International criminal law is being pulled in different directions by various conflicting considerations – deterrence, retribution, justice for victims, reconciliation, and setting the historical record. This trend is detrimental for the survival of the system as it erodes its coherence and undermines much sought-after legitimacy. There is a dire need for a principle objective that will bring order to the system. Symbolism is a good candidate for this role as it frames all other declared goals of international criminal law. The symbolic value of the discipline rests on the universal consensus it represents. This statement is only partially true, however, for it leaves out extra-legal pragmatic considerations that often counterbalance judicial reasoning during international trials.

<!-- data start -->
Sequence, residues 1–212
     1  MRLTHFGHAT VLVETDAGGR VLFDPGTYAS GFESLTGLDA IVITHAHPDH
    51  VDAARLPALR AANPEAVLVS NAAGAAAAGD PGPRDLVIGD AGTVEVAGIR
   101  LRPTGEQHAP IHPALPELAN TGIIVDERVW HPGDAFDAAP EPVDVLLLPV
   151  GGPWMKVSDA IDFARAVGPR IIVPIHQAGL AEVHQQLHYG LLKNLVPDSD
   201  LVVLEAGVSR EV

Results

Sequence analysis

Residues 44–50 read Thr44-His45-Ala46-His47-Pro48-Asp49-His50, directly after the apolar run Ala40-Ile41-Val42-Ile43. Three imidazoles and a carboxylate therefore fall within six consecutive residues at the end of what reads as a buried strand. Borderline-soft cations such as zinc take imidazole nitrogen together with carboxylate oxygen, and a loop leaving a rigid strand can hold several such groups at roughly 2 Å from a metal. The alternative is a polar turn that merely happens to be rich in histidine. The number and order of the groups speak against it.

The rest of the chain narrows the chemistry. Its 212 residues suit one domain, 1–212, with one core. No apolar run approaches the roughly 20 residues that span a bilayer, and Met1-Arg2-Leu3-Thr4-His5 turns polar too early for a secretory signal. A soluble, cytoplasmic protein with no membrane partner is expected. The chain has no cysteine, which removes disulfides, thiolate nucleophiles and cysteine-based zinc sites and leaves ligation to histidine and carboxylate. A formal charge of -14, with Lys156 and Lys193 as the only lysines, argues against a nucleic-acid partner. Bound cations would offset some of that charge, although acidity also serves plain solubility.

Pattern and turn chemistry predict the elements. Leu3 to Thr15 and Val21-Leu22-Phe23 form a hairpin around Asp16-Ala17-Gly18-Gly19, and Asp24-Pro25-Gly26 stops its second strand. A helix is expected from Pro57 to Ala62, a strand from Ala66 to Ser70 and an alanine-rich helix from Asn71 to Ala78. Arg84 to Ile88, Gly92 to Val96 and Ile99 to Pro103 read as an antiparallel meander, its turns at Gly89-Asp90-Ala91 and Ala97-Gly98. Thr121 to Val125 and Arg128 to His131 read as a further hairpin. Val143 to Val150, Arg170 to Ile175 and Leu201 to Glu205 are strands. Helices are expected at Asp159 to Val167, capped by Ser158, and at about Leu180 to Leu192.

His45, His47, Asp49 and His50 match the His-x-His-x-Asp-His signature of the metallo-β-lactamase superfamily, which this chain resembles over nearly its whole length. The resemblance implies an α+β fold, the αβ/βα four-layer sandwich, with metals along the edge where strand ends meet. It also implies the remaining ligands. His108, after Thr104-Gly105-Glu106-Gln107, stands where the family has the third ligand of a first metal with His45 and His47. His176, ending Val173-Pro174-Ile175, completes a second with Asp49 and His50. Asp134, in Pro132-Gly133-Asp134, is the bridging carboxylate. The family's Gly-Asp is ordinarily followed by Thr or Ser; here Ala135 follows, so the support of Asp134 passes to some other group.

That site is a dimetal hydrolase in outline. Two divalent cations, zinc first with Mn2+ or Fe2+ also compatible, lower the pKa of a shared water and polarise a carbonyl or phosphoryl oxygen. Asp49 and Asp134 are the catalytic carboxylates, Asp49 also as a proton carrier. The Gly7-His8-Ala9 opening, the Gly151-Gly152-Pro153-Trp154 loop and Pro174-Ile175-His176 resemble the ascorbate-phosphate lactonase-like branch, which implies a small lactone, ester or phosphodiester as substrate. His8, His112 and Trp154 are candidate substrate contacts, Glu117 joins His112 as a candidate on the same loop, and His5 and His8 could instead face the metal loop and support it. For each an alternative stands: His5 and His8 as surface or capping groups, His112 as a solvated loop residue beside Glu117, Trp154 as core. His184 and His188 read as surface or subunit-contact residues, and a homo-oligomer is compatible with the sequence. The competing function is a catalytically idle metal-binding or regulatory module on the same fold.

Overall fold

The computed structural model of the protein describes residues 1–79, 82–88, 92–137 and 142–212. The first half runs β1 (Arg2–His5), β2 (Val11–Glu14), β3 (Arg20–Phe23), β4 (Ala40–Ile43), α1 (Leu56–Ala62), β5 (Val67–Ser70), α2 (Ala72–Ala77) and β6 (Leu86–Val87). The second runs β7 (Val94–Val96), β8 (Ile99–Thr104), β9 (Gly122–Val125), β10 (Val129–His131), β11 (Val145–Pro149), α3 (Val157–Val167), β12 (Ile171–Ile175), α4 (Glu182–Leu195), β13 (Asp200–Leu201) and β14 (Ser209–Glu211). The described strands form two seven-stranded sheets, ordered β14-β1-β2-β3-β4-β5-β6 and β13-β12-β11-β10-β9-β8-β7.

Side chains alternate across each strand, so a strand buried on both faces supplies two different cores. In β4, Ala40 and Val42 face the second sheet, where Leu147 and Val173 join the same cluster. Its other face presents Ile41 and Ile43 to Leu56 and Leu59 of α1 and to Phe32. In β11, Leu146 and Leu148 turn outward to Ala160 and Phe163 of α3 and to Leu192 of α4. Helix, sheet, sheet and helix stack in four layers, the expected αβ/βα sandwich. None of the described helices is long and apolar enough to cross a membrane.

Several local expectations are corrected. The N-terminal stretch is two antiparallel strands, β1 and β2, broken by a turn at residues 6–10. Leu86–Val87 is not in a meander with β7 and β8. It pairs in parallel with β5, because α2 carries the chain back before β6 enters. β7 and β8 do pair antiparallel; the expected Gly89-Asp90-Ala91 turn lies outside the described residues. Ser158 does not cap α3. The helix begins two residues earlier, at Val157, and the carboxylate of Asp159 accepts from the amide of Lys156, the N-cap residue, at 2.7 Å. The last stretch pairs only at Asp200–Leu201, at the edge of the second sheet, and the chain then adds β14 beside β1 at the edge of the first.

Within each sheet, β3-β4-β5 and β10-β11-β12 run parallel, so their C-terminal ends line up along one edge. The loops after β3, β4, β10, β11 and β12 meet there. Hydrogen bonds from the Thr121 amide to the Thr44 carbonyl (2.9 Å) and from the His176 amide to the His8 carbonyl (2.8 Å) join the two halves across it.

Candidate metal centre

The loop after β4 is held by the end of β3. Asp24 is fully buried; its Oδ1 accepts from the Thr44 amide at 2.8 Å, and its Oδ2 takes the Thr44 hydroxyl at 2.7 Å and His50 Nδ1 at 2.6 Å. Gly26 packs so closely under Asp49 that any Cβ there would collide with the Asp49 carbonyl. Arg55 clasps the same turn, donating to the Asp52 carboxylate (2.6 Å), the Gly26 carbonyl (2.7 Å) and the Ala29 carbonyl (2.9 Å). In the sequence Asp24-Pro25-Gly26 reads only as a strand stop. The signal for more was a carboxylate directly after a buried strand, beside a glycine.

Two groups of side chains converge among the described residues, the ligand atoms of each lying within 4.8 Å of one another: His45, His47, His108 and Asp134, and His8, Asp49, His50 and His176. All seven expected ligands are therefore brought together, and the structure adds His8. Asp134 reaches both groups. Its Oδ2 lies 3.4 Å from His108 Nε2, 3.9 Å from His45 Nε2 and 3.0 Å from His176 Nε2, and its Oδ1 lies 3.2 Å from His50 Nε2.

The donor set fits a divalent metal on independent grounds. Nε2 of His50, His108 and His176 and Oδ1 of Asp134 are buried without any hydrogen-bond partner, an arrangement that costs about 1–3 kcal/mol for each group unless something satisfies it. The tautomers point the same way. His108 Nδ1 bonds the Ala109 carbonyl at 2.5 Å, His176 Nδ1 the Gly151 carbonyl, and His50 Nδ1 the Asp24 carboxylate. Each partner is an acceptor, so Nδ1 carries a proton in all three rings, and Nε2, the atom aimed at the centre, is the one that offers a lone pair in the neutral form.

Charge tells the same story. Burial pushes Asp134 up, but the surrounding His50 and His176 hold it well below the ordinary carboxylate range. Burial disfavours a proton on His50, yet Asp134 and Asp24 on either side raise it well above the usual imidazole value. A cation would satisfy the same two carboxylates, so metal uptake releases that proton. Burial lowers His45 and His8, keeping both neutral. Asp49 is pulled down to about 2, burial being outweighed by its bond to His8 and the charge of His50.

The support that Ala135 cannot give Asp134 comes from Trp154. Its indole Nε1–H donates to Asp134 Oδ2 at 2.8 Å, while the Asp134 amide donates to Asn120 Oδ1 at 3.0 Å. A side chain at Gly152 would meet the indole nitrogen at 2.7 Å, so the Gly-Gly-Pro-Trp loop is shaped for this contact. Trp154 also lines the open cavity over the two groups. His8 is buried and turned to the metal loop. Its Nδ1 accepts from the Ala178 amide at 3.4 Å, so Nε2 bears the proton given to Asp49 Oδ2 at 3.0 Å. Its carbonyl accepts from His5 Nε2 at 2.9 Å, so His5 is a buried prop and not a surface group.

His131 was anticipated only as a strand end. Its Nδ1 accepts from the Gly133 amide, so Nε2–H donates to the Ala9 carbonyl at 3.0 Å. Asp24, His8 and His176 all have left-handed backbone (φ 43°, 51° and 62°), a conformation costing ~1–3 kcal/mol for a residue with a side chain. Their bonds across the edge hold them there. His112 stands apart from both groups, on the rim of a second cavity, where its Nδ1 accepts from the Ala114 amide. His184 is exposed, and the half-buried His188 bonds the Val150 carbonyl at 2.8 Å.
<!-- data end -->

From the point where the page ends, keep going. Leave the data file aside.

Marina Aksenova is a postdoctoral research fellow at the Centre of Excellence for International Courts at the Faculty of Law of the University of Copenhagen and Junior Fellow at IAS CEU. Her doctoral thesis ‘Complicity in International Criminal Law’, defended at the European University Institute in Florence in 2014, won an annual Mauro Cappelletti award and has just been published as a monograph with Hart Publishing. She holds a degree in criminology from the University of Oxford and an LLM in international law from the University of Amsterdam. Marina is a practicing lawyer, who has worked at the International Criminal Tribunal for the Former Yugoslavia (2005-2007), international law firm specializing in investment arbitration (2007-2009), and the Extraordinary Chambers in the Courts of Cambodia (2011). She was also engaged in multiple consultancy projects including those involving Colombian civil society actors in conjunction with the peace process negotiations and the defence teams of Guantanamo detainees.